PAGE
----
The House of Representatives approved a measure on Dec. 11 that could give legal status to some illegal immigrants who work on farms.
The Farm Workforce Modernization Act passed 260–165.
Democrats made up most of the approving votes with 226, while three voted against, one voted present, and three didnt vote. Thirty-four Republicans voted for the bill and 161 Republicans voted against; two didnt vote.
Rep. Justin Amash (I-Mich.), who left the Republican Party earlier this year, voted no.
The bill includes a process that would let illegal alien farmworkers become a “Certified Agricultural Worker,” a designation lasting five-and-a-half years, if theyve worked for at least six months on farms within the past two years.
The farmworkers can keep renewing the designation after it starts, or they and their families can start the process to get permanent legal status. A green card is granted to workers who have worked in agriculture for a decade or more and who work four more years, or to workers who have worked for fewer than 10 years on farms who work eight more years.
The bill also cuts some red tape thats part of a visa program called H-2A, which lets farms source workers from outside the United States.
“This bill is a compromise. Its not exactly what I would have written, but it does stabilize the workforce,” Rep. Zoe Lofgren (D-Calif.), who sponsored the bill, said on the House floor.
“We have farmworkers who have been here for a very long time without their papers, living in fear and in some cases, being arrested and deported.”
According to a 2018 Pew Research Center report (pdf), Americans make up about 75 percent of the 2.1 million workers in farming, fishing, and forestry. Illegal aliens make up approximately 325,000 of those in working in the industries.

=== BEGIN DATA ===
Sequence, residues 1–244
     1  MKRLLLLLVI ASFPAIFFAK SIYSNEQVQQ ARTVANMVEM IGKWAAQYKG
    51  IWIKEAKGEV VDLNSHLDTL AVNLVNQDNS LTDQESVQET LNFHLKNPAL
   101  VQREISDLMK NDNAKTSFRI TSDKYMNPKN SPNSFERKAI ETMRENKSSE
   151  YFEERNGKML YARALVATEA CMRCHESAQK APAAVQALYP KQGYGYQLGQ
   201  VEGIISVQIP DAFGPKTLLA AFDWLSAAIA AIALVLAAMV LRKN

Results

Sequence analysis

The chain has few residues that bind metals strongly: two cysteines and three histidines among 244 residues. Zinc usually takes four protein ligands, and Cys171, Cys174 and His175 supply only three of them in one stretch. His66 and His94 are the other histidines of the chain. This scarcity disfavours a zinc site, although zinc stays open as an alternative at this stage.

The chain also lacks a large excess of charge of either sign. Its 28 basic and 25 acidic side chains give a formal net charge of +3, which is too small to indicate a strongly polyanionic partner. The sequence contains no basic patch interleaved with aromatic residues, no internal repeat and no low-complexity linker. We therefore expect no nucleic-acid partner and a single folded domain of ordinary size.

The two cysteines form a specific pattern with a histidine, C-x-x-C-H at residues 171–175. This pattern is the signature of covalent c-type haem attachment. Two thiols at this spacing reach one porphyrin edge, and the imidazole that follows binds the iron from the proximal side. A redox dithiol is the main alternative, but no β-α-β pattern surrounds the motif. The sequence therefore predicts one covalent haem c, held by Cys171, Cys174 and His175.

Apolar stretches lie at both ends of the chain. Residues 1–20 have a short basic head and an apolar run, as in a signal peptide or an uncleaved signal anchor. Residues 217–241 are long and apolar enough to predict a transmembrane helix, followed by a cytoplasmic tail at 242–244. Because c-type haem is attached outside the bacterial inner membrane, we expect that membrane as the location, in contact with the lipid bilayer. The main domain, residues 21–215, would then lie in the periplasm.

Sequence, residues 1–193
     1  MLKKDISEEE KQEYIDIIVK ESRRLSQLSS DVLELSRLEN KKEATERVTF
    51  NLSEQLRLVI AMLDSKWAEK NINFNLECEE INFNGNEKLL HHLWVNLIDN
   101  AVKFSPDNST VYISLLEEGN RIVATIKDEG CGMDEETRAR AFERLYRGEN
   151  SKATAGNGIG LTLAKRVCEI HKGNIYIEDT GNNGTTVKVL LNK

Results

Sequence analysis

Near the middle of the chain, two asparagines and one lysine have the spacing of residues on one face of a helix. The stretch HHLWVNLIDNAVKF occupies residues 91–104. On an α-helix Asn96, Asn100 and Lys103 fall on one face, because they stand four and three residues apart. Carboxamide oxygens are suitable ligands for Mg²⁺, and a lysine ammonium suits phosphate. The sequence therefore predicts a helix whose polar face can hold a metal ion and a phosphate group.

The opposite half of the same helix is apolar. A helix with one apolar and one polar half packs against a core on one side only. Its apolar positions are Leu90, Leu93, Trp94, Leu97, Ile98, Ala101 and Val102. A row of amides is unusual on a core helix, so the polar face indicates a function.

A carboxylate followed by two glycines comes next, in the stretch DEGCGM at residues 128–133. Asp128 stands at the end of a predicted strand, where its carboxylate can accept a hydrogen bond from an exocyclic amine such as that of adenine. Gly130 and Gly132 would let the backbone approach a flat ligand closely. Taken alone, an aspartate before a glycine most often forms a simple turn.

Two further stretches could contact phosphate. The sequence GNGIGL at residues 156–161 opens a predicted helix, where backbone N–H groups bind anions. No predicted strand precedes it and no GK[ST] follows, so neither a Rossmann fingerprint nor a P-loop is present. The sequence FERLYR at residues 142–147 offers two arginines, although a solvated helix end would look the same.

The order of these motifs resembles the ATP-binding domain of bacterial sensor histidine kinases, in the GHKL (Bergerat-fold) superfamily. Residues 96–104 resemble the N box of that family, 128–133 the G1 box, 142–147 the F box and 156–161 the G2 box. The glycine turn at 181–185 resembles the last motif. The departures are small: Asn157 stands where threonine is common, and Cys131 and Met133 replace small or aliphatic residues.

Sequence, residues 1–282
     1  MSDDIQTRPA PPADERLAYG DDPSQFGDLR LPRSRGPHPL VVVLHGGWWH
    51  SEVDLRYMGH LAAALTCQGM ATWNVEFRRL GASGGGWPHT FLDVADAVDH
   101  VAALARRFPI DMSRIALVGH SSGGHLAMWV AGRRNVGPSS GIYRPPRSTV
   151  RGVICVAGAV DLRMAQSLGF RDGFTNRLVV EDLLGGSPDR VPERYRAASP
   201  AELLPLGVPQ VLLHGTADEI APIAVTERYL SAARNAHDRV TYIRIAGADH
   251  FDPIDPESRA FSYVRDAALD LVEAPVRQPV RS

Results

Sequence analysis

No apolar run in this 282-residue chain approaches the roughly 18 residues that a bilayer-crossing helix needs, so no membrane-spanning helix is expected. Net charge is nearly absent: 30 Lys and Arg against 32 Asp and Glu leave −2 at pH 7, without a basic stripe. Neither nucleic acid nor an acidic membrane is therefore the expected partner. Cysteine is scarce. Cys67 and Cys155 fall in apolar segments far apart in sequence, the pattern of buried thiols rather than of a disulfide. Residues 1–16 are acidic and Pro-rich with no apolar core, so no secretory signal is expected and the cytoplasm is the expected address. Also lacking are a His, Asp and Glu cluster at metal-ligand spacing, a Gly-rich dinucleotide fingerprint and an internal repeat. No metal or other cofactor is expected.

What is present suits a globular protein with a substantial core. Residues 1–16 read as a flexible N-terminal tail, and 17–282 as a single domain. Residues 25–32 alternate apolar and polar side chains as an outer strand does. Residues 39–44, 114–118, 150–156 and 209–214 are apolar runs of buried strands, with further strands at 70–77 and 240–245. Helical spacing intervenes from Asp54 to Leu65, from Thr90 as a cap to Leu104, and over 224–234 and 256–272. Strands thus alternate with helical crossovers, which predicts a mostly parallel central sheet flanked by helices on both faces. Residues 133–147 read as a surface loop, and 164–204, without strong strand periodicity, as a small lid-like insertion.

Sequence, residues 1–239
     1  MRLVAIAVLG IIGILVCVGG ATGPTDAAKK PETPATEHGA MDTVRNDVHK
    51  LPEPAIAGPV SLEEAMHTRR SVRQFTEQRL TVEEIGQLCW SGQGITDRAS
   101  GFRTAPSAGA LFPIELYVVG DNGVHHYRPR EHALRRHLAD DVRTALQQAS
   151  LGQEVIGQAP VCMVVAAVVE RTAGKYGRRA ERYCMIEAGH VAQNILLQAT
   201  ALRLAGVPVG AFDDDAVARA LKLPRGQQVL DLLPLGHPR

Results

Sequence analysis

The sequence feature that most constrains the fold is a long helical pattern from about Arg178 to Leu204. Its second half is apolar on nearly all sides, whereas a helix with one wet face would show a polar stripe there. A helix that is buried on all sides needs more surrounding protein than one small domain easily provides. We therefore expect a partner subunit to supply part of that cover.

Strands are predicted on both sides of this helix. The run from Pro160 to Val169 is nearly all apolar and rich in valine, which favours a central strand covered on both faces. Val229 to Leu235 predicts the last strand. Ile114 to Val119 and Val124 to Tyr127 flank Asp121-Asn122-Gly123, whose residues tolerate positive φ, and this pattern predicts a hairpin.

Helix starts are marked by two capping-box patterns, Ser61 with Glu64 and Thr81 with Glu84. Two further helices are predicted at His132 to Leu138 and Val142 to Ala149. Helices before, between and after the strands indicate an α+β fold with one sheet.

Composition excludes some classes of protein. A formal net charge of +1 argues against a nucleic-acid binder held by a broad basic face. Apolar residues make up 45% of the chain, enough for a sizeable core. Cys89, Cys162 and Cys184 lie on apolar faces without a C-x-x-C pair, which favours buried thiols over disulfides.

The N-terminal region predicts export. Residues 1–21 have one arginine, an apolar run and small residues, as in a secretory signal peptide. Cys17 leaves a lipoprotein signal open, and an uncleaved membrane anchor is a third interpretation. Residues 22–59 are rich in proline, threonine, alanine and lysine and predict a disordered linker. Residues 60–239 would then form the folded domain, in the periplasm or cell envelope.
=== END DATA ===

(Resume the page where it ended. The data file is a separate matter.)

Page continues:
Groups pushing for immigration reform criticized the bill.
“Absolutely disgraceful anti-modernity corporatist giveaway,” said Andrew Good, an analyst at NumbersUSA, in a statement.
The Federation for American Immigration Reform said in a statement that farms should hire Americans before bringing foreigners in on visas.
“These arent your small family farms. Were talking about a huge mega-corporation. For 50 years, American voters have told these corporations to either use machinery for harvesting or find American workers. Yet big agriculture continues to demand and get a steady flow of foreign workers, usually here illegally,” it said.
Some groups that typically promote Democrats also voiced criticism.
The United Food and Commercial Workers International Union (UFCW) said in a letter (pdf) to Democratic House leaders: “Farmworker groups are not unanimous in their support for this bill. Community to Community (C2C), a farmworker advocacy organization in Bellingham, Washington, and others have concerns about Read More – Source